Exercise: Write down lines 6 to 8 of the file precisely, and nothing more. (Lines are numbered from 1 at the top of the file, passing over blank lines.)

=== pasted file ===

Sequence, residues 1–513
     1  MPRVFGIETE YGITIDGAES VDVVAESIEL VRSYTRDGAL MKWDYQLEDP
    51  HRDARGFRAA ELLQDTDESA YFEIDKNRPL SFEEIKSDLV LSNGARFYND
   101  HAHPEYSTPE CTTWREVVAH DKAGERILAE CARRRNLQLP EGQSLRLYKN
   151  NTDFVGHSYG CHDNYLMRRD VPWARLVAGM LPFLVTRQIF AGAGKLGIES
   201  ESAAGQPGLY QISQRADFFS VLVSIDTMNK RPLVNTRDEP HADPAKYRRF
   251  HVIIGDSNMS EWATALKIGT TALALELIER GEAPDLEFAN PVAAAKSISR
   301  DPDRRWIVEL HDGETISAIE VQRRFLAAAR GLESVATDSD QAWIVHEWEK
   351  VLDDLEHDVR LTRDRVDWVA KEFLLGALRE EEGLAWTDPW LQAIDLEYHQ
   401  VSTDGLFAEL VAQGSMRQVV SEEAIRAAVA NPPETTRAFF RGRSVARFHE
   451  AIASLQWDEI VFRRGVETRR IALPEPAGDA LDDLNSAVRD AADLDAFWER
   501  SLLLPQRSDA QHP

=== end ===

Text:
   201  ESAAGQPGLY QISQRADFFS VLVSIDTMNK RPLVNTRDEP HADPAKYRRF
   251  HVIIGDSNMS EWATALKIGT TALALELIER GEAPDLEFAN PVAAAKSISR
   301  DPDRRWIVEL HDGETISAIE VQRRFLAAAR GLESVATDSD QAWIVHEWEK